Well this is rather awkward
Despite the fact that our friends bring us more health and happiness than our own family do (sorry mum) it turns out that millions of Brits have admitted to not actually liking their own friends (urm, awkward).
Yep, a study of 2,000 UK adults by TV channel Lifetime found that the average Brit has 16 friends and acquaintances and of those there are three they don’t like and struggle to get on with.
A differencing of opinions, lifestyles and sense of humour also meant that 45 percent of those who took part in the study considered some of the people in their social circles to be ‘frenemies’ as they don’t really enjoy socialising with them for the reasons listed above.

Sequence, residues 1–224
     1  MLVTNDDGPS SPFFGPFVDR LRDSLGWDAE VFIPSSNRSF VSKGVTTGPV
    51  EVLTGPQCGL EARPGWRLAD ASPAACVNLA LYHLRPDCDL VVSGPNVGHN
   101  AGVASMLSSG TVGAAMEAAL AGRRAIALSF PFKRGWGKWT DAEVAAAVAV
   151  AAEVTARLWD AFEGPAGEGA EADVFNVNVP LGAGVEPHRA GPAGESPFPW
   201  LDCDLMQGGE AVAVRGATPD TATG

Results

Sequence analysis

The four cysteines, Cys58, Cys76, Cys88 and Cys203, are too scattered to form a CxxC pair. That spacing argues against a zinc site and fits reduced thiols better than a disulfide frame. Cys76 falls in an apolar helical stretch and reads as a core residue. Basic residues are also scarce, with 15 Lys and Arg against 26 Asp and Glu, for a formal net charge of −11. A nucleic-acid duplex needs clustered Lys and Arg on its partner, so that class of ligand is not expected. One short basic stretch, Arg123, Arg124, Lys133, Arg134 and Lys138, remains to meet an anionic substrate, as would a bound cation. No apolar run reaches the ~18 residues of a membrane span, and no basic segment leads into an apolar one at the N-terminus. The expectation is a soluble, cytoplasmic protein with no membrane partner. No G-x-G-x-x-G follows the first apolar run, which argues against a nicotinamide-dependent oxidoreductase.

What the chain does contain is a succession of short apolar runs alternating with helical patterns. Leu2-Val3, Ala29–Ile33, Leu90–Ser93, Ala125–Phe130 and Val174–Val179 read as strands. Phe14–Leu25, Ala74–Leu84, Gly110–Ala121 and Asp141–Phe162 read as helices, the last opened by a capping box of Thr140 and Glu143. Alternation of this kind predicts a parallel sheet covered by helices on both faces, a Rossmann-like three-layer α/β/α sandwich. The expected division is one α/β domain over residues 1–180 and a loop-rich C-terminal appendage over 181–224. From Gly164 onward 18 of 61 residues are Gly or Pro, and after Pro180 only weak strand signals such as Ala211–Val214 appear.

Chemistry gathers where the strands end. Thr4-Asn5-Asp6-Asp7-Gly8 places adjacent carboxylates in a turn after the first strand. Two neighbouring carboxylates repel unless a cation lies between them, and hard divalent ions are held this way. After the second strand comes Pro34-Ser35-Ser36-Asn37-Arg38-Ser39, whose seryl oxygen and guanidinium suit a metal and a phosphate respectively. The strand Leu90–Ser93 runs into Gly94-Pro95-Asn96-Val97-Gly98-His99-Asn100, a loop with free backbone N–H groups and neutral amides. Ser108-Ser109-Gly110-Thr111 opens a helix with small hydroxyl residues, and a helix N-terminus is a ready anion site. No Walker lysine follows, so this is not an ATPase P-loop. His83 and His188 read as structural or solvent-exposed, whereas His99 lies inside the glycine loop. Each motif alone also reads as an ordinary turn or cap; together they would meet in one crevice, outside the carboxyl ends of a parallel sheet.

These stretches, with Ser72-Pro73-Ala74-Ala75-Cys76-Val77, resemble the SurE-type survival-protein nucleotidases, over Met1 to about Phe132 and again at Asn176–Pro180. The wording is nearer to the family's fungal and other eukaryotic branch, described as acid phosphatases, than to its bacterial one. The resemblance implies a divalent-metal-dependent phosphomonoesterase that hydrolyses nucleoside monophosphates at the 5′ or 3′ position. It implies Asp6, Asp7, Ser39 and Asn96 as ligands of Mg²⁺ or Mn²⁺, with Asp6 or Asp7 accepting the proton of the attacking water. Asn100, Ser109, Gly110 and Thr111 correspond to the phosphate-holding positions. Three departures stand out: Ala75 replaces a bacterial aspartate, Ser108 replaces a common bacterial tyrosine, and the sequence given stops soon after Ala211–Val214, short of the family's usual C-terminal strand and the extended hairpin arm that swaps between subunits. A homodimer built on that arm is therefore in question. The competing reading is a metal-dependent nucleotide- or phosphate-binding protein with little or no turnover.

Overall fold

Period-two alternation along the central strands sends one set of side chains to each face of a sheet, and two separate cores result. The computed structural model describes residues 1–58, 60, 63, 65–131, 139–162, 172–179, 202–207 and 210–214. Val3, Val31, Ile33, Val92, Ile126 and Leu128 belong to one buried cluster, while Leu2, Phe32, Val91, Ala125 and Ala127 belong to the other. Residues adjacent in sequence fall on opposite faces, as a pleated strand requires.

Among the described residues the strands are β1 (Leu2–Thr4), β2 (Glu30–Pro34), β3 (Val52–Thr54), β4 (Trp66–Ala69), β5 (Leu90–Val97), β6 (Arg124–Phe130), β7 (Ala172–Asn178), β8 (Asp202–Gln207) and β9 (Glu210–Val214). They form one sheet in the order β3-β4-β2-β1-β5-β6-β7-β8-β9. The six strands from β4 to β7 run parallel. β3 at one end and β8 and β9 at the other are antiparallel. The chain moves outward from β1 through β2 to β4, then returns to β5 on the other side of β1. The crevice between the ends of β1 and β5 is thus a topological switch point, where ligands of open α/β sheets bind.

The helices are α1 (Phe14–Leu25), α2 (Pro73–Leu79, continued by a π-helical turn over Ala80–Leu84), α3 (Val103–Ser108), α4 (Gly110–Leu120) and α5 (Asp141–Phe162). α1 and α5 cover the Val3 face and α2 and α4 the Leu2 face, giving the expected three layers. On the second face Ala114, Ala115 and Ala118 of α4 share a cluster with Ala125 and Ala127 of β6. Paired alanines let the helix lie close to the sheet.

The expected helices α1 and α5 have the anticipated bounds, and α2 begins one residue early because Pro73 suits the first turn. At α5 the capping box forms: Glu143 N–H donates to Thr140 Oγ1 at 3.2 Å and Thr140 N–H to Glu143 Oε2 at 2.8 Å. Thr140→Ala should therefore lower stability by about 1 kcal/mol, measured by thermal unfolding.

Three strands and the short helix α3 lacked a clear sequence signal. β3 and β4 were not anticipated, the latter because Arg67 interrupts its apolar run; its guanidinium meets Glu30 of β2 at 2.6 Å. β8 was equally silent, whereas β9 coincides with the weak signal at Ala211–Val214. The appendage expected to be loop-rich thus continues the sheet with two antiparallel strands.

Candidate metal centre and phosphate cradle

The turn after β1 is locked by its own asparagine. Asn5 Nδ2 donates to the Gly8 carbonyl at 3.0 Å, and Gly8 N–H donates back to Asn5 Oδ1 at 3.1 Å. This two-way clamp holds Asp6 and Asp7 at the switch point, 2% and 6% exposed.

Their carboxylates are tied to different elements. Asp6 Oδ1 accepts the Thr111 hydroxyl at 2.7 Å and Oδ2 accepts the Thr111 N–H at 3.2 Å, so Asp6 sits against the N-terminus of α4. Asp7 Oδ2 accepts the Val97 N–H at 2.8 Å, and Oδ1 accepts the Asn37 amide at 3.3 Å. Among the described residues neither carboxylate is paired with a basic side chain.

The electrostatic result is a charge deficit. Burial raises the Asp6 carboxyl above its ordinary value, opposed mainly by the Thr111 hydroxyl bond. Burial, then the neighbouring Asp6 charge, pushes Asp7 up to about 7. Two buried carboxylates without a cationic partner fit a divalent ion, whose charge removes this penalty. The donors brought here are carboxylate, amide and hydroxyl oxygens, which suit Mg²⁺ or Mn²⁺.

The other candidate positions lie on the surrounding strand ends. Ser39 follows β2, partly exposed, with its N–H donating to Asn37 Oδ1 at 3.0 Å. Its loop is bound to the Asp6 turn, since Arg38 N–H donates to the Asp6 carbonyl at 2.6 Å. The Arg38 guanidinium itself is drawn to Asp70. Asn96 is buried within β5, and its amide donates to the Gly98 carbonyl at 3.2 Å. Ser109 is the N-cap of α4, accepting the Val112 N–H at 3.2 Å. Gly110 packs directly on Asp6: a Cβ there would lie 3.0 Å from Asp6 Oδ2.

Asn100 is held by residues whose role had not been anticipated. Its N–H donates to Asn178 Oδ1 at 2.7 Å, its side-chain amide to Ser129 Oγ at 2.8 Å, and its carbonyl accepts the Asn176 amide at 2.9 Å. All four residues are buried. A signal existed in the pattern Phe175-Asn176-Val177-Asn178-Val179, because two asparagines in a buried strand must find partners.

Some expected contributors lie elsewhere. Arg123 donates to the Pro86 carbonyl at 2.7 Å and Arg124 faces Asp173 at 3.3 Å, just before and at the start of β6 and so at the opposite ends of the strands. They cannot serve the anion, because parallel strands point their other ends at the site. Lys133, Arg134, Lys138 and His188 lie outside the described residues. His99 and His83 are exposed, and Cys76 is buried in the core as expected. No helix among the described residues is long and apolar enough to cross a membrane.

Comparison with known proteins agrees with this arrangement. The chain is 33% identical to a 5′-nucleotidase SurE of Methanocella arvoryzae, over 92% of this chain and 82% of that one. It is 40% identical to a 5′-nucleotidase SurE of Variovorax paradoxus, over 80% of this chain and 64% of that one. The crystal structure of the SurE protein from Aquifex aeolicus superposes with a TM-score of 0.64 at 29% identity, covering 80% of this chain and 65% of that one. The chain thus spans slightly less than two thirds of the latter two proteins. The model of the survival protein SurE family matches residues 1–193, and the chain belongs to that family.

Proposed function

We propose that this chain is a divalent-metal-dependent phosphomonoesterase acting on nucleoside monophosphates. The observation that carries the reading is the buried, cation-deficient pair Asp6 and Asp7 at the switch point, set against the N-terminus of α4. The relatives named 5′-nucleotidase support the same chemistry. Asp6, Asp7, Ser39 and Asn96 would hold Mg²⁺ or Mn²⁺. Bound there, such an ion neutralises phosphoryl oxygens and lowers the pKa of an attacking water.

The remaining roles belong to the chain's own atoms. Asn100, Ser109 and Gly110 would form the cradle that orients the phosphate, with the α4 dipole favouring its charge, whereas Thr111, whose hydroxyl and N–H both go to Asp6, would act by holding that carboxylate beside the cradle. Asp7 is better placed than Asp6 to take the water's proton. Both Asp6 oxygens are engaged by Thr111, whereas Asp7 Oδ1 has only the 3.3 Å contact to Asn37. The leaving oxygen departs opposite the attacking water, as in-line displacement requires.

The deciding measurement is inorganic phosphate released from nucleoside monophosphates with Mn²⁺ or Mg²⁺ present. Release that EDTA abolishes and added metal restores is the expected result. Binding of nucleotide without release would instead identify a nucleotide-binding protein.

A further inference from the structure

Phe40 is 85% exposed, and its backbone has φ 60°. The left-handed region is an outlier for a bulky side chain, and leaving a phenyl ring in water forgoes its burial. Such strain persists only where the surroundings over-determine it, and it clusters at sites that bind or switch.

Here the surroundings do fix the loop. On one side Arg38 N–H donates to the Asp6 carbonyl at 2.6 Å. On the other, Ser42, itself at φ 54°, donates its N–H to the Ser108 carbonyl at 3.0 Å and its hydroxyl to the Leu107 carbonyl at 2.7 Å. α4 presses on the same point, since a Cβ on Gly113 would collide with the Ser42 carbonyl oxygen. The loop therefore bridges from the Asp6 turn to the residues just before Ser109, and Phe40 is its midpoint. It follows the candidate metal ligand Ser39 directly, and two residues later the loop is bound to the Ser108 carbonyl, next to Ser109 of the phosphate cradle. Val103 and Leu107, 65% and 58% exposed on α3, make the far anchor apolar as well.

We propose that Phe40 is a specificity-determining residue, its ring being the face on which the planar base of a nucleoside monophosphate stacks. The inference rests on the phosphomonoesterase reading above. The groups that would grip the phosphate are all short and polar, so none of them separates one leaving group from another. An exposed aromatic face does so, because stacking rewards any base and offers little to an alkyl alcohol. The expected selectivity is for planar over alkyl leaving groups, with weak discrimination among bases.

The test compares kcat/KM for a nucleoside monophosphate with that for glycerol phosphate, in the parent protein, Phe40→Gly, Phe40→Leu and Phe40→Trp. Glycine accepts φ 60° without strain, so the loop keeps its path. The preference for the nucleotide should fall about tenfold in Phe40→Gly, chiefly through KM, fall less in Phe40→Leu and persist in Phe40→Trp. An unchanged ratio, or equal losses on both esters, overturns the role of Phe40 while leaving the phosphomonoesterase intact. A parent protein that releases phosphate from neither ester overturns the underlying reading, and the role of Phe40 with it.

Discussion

More than four in ten participants admitted to having at least one ‘friend’ they see regularly that they can’t stand, whilst one in four revealed they don’t like their partner’s friends and confessed this had led to rows with their other half.
Lifetime’s channel director Koulla Anastasi has said of the results: ‘It is quite surprising to see so many people struggle to get along with others in their own friendship group.
You can end up socialising with people you wouldn’t usually choose as a friend, perhaps through work, friends-of-friends or through your partner.
And as these survey results show, it means you regularly have to meet up with people you may not consider to be real friends.’
The survey found that work colleagues are mostly likely to be the people we find it difficult to get along with, with a friend of a friend coming in second the list and our partner’s friends falling not far behind.
When asked, one in four participants admitted to openly telling someone in their friendship group they didn’t really like them and almost half have had arguments because they struggle to get along, with another 50 percent even going as far as trying to ghost a friend out.